Great American Insurance Company v. MurrayAnnotate this Case
437 S.W.2d 264 (1969)
GREAT AMERICAN INSURANCE COMPANY et al., Relators, v. The Honorable Robert R. MURRAY et al., Respondents.
Supreme Court of Texas.
January 29, 1969.
*265 Wiley & Plumb, Dayton G. Wiley, Lagerquist, Shaw & Davis, John Shaw, San Antonio, for relators.
Putman & Putman, Richard G. Strong, Solomon Casseb, Jr., San Antonio, for respondents.ORIGINAL WRIT OF MANDAMUS
Great American Insurance Company, Alamo Steel Builders, Inc., and Alamo Engineering Corporation, relators, seek a writ of mandamus ordering Robert R. Murray, Judge of the 45th Judicial District Court of Bexar County, to vacate his order which commanded them to disclose the policy limits in an insurance policy issued by Great American and which policy may have covered Alamo Steel and Alamo Engineering. The relators are entitled to the writ of mandamus.
On January 13, 1968, Jack Weakley, who was driving a pickup truck, and Richard H. Schneider, who was driving another pickup truck, collided. Both drivers died as a result of injuries sustained in the accident, and others who were riding in the Schneider vehicle were also killed or injured. On June 17, 1968, Great American filed a suit for declaratory judgment and named as defendants Mrs. Jack Weakley, Alamo Steel Builders, Inc., Alamo Engineering Corporation and others. Great American asked the court to decree that its policy did not provide coverage for claims arising out of the accident except as to its named insured. Specifically, it alleged that its policy afforded no coverage for Jack Weakley because he was on a mission of his own and was driving without the permission of the owners of the vehicle. It alleged also that its policy did not cover Alamo Engineering Corporation. Both Mrs. Weakley and Alamo Engineering Corporation have demanded that Great American defend them against claims arising out of the accident which Great American says it is not obligated to do. The declaratory judgment suit is pending.
Schneider's widow and children, joined by other plaintiffs, then filed suit against Weakley's estate, Alamo Steel, and Alamo Engineering. Their petition alleged that Weakley was in the course of his employment for Alamo Steel and Alamo Engineering and that he had permission to drive the vehicle which the two corporations had entrusted to him.
Some of the defendants in the suit for declaratory judgment, filed a motion for discovery under Rule 167, Tex. Rules Civ. Proc., and asked that Great American be compelled to produce its insurance policy including the policy limits. The trial court ordered the disclosure. Great American furnished a copy of its policy but blocked out those portions which showed the policy limits, and with a contempt order imminent, filed this suit for mandamus to order the trial judge to vacate his order that Great American must also disclose the policy limits.
The relevant parts of Rule 167 are: "Upon motion * * * showing good cause therefor * * * the court * * * may order any party to produce * * * documents * * *, not privileged, which constitute or contain evidence material to any matter involved in the action * * *." We hold that the amount of insurance coverage is not a matter material to the issues in the declaratory judgment suit.
Great American's policy obligates it to pay on behalf of the insured all sums which the insured shall become legally obligated to pay as damages. No action exists against the insurer, under its policy, until the insured's obligation to pay has been finally determined "either by judgment against the insured after actual trial or by written agreement of the insured, the claimant and the company." Under such a policy a third party's right of action against the insurer does not arise until he has secured such an agreement or a judgment against the insured. Moxon v. Ray, 125 Tex. 24, 81 S.W.2d 488 (1935); Bluth *266 v. Neeson, 127 Tex. 462, 94 S.W.2d 407 (1936).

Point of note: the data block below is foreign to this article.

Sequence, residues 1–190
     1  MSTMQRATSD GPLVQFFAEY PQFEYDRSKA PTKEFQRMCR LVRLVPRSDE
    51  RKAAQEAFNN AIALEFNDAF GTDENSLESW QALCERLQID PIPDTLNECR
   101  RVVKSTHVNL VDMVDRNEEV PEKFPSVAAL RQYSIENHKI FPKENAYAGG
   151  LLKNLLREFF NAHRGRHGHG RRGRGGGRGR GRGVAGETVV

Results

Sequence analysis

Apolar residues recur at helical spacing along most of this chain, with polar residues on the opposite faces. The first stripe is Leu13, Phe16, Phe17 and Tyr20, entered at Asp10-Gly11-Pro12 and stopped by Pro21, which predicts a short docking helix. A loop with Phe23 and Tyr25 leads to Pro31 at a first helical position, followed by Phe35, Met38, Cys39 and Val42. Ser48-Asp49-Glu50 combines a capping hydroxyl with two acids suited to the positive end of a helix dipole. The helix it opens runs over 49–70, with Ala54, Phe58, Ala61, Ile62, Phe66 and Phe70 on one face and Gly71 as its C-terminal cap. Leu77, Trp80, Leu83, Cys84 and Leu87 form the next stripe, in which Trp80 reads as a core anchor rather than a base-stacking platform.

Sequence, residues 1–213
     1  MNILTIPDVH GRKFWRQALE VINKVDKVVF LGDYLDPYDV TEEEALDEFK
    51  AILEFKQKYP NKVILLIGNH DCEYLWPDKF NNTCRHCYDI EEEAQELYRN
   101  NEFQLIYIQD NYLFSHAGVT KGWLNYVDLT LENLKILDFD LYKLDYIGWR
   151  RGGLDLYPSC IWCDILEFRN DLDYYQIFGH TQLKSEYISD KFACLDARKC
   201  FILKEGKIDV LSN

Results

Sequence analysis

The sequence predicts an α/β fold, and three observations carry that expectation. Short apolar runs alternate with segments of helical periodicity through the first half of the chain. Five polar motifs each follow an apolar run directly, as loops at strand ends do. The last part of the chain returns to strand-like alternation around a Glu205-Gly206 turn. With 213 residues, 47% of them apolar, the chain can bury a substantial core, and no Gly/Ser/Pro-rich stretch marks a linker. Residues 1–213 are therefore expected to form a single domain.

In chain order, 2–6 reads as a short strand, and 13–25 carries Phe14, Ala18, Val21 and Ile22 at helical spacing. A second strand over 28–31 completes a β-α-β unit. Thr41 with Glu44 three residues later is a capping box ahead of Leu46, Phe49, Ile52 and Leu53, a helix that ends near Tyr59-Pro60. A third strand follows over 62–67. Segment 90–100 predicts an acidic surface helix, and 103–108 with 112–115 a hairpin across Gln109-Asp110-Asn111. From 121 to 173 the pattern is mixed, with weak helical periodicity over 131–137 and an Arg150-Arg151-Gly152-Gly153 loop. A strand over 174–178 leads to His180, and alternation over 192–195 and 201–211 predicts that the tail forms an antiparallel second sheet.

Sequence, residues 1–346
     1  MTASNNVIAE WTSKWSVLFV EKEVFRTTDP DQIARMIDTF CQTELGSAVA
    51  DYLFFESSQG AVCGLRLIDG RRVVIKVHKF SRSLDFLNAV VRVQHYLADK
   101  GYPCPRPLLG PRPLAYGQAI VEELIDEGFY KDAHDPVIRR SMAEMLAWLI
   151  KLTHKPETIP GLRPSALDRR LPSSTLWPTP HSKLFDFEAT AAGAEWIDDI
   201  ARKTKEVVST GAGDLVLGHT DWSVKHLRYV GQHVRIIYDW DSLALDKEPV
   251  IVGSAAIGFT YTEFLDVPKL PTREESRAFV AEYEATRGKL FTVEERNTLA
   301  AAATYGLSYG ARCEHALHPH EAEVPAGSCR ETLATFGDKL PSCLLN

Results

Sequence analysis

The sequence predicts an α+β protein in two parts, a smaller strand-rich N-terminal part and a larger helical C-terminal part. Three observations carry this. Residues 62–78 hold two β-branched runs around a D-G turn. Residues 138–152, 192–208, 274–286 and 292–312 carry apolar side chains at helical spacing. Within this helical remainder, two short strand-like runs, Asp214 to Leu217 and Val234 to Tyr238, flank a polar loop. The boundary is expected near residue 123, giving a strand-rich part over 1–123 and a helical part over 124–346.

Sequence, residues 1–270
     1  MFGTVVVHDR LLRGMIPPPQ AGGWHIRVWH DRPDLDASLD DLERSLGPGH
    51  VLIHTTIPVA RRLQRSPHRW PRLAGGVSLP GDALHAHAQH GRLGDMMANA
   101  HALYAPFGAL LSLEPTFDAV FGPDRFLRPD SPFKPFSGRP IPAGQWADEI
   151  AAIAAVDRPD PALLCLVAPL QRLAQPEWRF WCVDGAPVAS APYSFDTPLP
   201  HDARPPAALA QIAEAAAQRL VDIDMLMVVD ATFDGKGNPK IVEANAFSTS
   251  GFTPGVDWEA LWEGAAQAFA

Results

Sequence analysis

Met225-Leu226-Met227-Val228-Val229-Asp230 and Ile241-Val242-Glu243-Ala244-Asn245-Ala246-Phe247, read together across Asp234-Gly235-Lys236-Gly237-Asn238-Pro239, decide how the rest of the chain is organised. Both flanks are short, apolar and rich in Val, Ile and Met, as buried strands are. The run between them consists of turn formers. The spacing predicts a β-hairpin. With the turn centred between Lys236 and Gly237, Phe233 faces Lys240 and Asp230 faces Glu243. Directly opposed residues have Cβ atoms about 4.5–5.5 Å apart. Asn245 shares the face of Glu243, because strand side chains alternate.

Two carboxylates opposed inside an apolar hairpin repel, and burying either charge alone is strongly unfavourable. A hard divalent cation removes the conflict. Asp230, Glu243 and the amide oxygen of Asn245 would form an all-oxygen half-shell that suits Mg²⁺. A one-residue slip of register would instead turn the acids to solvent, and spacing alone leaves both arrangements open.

One's ability to satisfy a judgment ordinarily is not evidence that is material to any matter involved in or arising out of a tort action, at least in advance of trial. Missouri, K. & T. R. Co. of Tex. v. Hannig, 91 Tex. 347, 43 S.W. 508 (1897); Coca Cola Bottling Co. of Fort Worth v. Tannahill, 235 S.W.2d 224 (Tex.Civ.App. 1950, writ ref.). Accordingly, "[i]t is ordinarily immaterial whether one or all of the parties involved in an automobile collision carry indemnity insurance." Ex parte Jones, 160 Tex. 321, 331 S.W.2d 202, 204 (1960).
These general principles support relators' contention that the amount of insurance carried by an alleged tort-feasor is immaterial. Respondents, however, assert some specific reasons that such information is material in this instance. Respondents argue that the policy limits are essential to the proof that the amount in controversy in the declaratory judgment action is within the jurisdiction of the district court. Great American alleged in the declaratory judgment suit that the underlying suit for personal injuries and death seeks damages in excess of $400,000 and the cost of investigating an accident of such magnitude will exceed the sum of $500.01. It alleged that counsel fees which it must pay to defend that action will be more than $500.00. The petition adequately asserts jurisdictional amounts.
Respondents also argue that the amount of the policy coverage has materiality on the credibility of those who will testify on behalf of Alamo Steel and Alamo Engineering. The respondents argue: If the policy limits are high, the defendants in the underlying personal injury and death action would be safely protected against high damages and would be less inclined to dispute the claimants' contention that Weakley was in the course of his employment with Alamo Steel and Alamo Engineering and was driving with their permission. If, on the other hand, the policy limits are low, there may be greater danger that they might bear part of the damages and they would be motivated to dispute the issues on scope of employment and permission or color their testimony.